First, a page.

Blue Earth, Minnesota

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Blue Earth is a city in Faribault County, Minnesota, at the confluence of the east and west branches of the Blue Earth River. The population was 3,621 at the 2000 census. It is the county seat of Faribault County[3]. It is home to a statue of the Jolly Green Giant. Additionally, Interstate Highway 90 is centered on Blue Earth, as the east and west construction teams met in 1978. As a tribute, there is a golden stripe of concrete on the interstate near Blue Earth. This draws a parallel to the golden spike set in the first transcontinental railroad.



The city of Blue Earth gets its name from the Blue Earth River which surrounds the town. The river was given the Dakota name "Mahkota" (meaning Blue Earth) for the blue-black clay found in the river banks.[4]


The Jolly Green Giant statue attracts over 10,000 visitors a year. In July 2007, the Blue Earth City Council approved space for a Green Giant memorabilia museum. Lowell Steen, of Blue Earth, has collected thousands of Green Giant items and will permanently loan them to the museum.[5] The 1990 Football team went 11-2 and finished 3rd in the State for Class A. That is a school record.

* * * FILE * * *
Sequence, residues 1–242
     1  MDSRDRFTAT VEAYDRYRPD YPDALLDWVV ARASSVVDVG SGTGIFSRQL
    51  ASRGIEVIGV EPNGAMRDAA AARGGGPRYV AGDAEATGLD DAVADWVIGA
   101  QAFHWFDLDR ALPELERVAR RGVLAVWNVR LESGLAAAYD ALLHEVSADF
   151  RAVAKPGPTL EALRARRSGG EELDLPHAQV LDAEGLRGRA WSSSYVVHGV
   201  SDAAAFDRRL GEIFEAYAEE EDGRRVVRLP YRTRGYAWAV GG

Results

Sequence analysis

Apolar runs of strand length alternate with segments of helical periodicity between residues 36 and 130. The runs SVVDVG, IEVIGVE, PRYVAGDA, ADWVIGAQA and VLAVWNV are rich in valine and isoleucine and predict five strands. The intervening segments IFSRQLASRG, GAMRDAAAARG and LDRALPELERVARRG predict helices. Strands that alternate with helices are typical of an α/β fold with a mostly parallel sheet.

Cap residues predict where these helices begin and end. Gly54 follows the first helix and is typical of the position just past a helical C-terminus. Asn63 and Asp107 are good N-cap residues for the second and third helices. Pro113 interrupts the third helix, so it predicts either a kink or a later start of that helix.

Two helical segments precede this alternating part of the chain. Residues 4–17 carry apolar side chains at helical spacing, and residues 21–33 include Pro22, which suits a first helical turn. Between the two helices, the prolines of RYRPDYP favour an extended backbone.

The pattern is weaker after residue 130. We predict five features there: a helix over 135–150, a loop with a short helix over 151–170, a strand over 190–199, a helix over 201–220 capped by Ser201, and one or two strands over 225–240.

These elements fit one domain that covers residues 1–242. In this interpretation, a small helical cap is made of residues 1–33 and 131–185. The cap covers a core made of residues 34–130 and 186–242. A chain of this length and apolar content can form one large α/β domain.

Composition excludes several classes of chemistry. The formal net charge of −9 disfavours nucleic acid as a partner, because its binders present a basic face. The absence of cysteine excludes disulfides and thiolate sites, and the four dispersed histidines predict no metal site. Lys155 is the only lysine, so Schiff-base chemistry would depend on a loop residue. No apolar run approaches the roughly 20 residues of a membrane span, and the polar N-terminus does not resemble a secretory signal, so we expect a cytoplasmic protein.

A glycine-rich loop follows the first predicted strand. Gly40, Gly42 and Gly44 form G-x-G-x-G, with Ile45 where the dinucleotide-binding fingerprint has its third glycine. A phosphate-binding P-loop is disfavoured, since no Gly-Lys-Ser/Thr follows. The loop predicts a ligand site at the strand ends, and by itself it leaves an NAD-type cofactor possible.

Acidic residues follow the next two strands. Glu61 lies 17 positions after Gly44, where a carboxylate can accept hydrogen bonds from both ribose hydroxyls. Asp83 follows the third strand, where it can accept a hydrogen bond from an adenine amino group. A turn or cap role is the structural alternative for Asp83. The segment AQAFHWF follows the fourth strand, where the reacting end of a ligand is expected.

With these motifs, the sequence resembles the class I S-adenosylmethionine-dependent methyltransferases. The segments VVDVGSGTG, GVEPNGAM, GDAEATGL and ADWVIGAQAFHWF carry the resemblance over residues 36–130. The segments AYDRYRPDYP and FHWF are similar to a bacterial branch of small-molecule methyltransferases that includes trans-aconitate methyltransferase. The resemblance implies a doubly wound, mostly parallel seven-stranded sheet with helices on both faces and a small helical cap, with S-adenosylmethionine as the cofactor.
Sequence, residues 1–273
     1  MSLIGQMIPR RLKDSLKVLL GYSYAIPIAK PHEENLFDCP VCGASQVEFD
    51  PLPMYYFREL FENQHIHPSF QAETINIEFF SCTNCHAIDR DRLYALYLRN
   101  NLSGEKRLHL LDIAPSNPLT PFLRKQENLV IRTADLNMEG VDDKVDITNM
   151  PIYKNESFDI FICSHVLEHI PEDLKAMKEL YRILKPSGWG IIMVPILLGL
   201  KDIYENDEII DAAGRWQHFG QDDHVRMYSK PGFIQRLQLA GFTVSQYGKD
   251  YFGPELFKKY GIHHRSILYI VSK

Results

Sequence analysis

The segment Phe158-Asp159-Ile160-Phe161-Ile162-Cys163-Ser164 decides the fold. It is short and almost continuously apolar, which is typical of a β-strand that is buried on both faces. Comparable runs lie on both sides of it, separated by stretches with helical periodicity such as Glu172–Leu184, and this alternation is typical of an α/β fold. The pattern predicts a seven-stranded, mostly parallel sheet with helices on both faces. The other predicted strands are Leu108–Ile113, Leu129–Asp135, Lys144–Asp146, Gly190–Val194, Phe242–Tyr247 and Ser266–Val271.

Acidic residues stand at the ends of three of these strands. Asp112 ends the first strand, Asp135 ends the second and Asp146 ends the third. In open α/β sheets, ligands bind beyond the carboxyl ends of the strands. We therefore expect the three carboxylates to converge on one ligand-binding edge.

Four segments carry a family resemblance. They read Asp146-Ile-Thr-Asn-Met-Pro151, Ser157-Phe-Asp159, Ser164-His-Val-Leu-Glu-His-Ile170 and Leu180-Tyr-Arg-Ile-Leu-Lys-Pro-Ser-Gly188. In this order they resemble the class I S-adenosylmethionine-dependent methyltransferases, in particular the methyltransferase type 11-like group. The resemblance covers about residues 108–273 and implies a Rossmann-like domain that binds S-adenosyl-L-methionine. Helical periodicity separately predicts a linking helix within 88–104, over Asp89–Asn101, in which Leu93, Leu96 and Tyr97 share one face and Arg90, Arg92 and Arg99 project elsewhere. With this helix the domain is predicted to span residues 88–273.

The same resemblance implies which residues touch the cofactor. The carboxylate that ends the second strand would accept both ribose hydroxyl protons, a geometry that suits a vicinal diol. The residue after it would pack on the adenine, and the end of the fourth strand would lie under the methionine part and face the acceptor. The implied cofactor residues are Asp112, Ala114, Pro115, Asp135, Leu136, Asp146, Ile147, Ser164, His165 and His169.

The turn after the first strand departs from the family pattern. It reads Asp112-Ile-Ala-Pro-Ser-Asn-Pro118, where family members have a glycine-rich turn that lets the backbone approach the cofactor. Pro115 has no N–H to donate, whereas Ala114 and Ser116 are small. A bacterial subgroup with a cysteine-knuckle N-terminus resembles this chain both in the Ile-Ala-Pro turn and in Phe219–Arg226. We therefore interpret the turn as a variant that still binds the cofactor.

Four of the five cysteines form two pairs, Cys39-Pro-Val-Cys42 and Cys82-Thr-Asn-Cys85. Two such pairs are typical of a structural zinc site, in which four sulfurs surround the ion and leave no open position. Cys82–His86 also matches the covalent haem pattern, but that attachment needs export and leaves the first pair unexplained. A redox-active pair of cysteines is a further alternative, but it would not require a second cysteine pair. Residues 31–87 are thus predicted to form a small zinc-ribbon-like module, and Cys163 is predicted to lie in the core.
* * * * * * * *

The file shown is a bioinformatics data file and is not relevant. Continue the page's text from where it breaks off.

Blue Earth is home to many examples of great Midwestern architecture, including:

Faribault County Courthouse – completed in December 1892 at a cost of over $70,000. The architect for the courthouse was C.A. Dunham of Burlington Iowa and the contractor was S.J. Hoban from St. Paul. The style of the courthouse is Richardsonian (Romanesque). Stone used in the construction of the courthouse was transported from Kasota MN to Blue Earth by horse & wagon and rail. Most of the sand used in the mortar was from the Blue Earth river bottom and thoroughly washed. The pillars on the front of the building are of polished granite. There are ledges on all four sides of the tower that are of solid stone of unknown weights of several ton each.

Episcopal Church of the Good Shepherd – 1872

First Presbyterian Church -- constructed in 1897at a cost of $12,622.75. Designed by Kinney and Orth, architects from Austin, Minnesota. The architecture is Romanesque in the arched windows, Gothic in the steeples and gables, and medieval in the towers.

Salem Evangelical Church – This English country Gothic structure was completed in 1942. Designed by Bard & Vanderbilt of Minneapolis, Minnesota.

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